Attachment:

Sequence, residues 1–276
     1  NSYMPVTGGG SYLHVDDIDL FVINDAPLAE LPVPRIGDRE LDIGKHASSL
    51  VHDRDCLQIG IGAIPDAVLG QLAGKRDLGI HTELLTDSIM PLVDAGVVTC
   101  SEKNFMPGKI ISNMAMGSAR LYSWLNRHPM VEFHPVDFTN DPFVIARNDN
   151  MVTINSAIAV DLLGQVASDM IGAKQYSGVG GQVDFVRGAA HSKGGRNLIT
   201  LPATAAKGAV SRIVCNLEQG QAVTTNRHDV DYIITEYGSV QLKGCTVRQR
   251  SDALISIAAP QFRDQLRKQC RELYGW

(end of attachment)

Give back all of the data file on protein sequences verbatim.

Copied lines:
Sequence, residues 1–276
     1  NSYMPVTGGG SYLHVDDIDL FVINDAPLAE LPVPRIGDRE LDIGKHASSL
    51  VHDRDCLQIG IGAIPDAVLG QLAGKRDLGI HTELLTDSIM PLVDAGVVTC
   101  SEKNFMPGKI ISNMAMGSAR LYSWLNRHPM VEFHPVDFTN DPFVIARNDN
   151  MVTINSAIAV DLLGQVASDM IGAKQYSGVG GQVDFVRGAA HSKGGRNLIT
   201  LPATAAKGAV SRIVCNLEQG QAVTTNRHDV DYIITEYGSV QLKGCTVRQR
   251  SDALISIAAP QFRDQLRKQC RELYGW